Verse 13 then begins with the capitalized “Ei,” meaning “If, For as much as, That, Whether and/or Suppose.” This is then stating a conditional scenario, which states the circumstances by which a premise is true. It acts as a statement of assumption, in order to determine if some condition is indeed fact. The ‘big If’ is then saying, “If the practices of animal sacrifice did have any effect for sanctifying, then it would only be a purification of flesh, because only flesh has been effected by animal blood being sprinkled or ashes from burned animal carcasses being smeared symbolically on flesh.
One needs to see how such animal sacrifices are common throughout the world, in many cultures that have been isolated from other religious practices and ceremonies. The Christian act of using oil and ashes to make the foreheads of believes on Ash Wednesday falls into this symbolism having zero effect on a spiritual transformation within a human being. Thus, Paul was stating If someone thinks a physical act of ritual has had any effect on the absolution of sins, it is akin to baptism by water, where only the flesh has been changed, for only that day … not eternally.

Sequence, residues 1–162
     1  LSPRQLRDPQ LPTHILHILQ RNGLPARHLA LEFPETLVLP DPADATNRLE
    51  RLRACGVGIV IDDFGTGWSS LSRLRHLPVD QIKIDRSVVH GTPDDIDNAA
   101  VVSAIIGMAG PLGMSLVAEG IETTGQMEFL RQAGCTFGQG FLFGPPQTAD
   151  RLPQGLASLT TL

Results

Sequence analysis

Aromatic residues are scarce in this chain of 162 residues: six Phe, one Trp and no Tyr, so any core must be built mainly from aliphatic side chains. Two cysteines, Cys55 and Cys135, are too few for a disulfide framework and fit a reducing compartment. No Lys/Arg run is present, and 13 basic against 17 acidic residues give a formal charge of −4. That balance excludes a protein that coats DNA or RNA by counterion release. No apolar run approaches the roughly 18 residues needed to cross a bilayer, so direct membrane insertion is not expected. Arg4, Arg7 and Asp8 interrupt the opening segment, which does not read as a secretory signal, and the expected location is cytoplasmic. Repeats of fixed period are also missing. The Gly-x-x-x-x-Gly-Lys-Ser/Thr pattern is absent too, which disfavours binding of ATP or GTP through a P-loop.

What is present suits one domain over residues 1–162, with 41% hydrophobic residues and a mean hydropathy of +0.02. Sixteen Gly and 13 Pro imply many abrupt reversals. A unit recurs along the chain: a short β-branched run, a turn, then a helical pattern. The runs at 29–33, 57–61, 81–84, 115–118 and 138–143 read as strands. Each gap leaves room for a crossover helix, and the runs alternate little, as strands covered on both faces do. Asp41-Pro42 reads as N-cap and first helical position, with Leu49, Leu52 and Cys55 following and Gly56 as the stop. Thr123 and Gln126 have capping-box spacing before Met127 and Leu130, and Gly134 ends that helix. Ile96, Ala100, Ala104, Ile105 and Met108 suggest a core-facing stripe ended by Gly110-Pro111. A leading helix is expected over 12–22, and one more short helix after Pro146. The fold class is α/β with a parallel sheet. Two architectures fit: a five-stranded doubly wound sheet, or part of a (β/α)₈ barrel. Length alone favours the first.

And the Baptizer said, “I baptize you with water. But one who is more powerful than I will come, the straps of whose sandals I am not worthy to untie. He will baptize you with the Holy Spirit and fire.” (Luke 3:16)
Verse 14 says that spiritual transformation is “so much more” than burnt offerings. The “condition” that was set up by the “If” is now turned to the “blood” of the “followers” of Jesus of Nazareth. They must sacrifice themselves, so their blood is spilled on the altar where “Christ” is the high priest officiating that service. This leads to a “thorough” cleansing [“by the instrumentality of” from “dia”] by the Holy Spirit, which is not a temporal change, but an “eternal” transformation. Rather than Jesus of Nazareth being offered in sacrifice after being found blemish free, it is “ourselves offered,” because that is the “condition of God” [from “tō Theō”]. The words translated as “ourselves” are “heauton and hēmōn,”with “hēmōn” a form of “egó,” or the “self.” Neither are limited to only translating as “himself” or “us.” The last two segments then says, “We sacrifice the dead works of mortal selves to become the living servants of God.”